My view is that the new flagship Mac Pro is everything we wanted it to be and designed for the right kinds of customers. You can't ask for more than that.

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Professionals can write this off. It’s not like we OWN a computer anyway. If you look at it like it’s a LEASE of state of the art hardware that will expire in X months
(Moore’s Law effect?) - it makes a little more sense.
The internal storage is all SSD? That internal 1TB potential is SSD only, right?


The internal storage is all SSD? That internal 1TB potential is SSD only, right?</blockquote>

Yep. I don’t know if that’s 1TB of flash on a single board, or one 512GB drive next to each graphic card.


I’m sorry, it’s a beautiful cylinder (can’t use box), but Apple is killing their Pro users. They need to stop the iPhonification of the Pro products and bring back expandable/upgradable systems.

I’m really surprised that Greenpeace hasn’t jumped on this, as Apple shortening the effectively life of the Pro systems and creating more eWaste.

You can tell they’ve gotten negative feedback, by how often they use the word “expandable” and keep trying to drill it into our brains….


For what it’s worth, an online inflation calculator just told me that $3,000 today is $2,361.00 in 2003 dollars. I remember paying about $2,000 for a blue & white G3 in the late 90s. Maybe the price of the new Mac Pro isn’t so bad after all.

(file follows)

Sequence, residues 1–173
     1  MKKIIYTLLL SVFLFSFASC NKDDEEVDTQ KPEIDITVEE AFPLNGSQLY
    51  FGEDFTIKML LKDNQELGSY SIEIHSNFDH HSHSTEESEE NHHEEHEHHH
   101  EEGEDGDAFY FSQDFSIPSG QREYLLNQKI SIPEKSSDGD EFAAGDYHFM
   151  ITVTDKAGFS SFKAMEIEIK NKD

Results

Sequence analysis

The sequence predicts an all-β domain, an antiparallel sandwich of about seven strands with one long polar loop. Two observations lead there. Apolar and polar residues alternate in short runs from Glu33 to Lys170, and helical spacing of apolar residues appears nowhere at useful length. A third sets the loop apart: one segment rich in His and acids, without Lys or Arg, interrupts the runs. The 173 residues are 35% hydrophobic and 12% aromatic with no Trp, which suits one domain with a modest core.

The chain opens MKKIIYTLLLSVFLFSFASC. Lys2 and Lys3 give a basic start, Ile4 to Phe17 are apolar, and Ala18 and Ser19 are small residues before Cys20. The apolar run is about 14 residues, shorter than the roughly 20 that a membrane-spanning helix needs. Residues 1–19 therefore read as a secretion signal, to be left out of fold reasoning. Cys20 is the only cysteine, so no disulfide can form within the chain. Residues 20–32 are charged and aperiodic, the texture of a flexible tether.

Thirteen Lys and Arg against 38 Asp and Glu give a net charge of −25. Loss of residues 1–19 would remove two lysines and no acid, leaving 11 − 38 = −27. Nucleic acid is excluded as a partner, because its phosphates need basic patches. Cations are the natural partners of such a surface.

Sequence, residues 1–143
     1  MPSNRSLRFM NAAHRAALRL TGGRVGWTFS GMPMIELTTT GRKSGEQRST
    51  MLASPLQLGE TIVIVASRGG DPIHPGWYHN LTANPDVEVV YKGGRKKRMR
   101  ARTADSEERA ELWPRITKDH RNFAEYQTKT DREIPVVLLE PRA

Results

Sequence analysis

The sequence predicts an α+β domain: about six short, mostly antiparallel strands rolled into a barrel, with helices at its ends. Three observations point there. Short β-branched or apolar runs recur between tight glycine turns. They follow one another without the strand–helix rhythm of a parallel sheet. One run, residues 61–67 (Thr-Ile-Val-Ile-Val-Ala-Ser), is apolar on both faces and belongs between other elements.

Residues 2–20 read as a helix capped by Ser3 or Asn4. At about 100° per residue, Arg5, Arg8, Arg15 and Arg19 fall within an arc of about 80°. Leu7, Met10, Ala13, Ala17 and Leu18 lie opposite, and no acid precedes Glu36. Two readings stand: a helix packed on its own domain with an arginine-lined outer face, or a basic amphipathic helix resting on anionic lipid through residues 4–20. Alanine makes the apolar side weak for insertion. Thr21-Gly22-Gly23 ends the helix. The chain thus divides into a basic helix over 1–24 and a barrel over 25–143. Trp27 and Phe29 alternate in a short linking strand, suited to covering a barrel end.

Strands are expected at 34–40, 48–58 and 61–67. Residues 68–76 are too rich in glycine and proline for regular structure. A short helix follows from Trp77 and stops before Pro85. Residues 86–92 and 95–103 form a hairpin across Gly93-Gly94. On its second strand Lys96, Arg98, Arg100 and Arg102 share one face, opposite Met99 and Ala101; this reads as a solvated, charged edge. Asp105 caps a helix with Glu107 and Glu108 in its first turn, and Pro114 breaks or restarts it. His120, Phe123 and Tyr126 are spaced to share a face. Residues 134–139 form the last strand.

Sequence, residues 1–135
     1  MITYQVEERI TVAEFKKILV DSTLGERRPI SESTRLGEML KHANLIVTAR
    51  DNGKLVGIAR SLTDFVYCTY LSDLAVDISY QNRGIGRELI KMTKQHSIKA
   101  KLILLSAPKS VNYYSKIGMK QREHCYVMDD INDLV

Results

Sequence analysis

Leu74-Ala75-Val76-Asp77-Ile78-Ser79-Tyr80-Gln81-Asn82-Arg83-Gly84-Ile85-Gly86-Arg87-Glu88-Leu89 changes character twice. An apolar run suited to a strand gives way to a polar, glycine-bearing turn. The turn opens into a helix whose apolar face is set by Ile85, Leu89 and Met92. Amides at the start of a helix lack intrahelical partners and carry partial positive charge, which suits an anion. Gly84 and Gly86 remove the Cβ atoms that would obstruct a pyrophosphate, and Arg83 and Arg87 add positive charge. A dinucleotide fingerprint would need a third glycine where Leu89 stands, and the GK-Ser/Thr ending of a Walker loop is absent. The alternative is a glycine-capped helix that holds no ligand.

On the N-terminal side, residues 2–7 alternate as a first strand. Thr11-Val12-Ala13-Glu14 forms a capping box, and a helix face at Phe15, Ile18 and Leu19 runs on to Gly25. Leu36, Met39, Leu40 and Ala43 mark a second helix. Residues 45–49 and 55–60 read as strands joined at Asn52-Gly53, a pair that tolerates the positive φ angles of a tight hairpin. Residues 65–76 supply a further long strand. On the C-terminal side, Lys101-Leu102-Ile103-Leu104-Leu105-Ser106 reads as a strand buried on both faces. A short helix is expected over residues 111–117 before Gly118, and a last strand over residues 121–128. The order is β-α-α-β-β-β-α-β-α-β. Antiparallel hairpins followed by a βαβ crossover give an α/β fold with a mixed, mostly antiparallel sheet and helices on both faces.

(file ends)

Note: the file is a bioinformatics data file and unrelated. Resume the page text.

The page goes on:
I think this is going to sell really well. And I could imagine once PCI-E 3.0 / 4.0, Thunderbolt , improves into requiring less lane. ( Getting all the Thunderbolt working without so many PCI-E lanes )
This may filter through from a High End Professional Machine to a Prosumer Machines.

One that is fitted with Xeon E3, And Single Graphics Card, could dramatically reduce this price to entry point of $1999 or even lower.

I assume when that day arrives, ( should be in 3 years time ), the iMac and Macbook will start the transition to ARM CPU.


Being in the video biz, I was reading up on DIT’s in the TV and Film industries. These guys use the very latest kit, Sony monitors costing £5k etc etc. Almost all of them use a Mac, for interfacing with Blackmagic and AJA gear. So they all said that the new MacPro would be first on their shopping list, one guy even said he’d be buying two, one for safety.
The point being, if your salary is in the 100k pa region, 3 or 4k on a very fast computer is nothing. None of them use internal storage, except for the OS. They use RAID’s, hard drives and SSD’s.
If i was paid a bit more, I’d buy one too.
So even though Apple may not sell a ton of these, they will sell well in the professional market.


Spot on analysis and conclusions, in my view, John.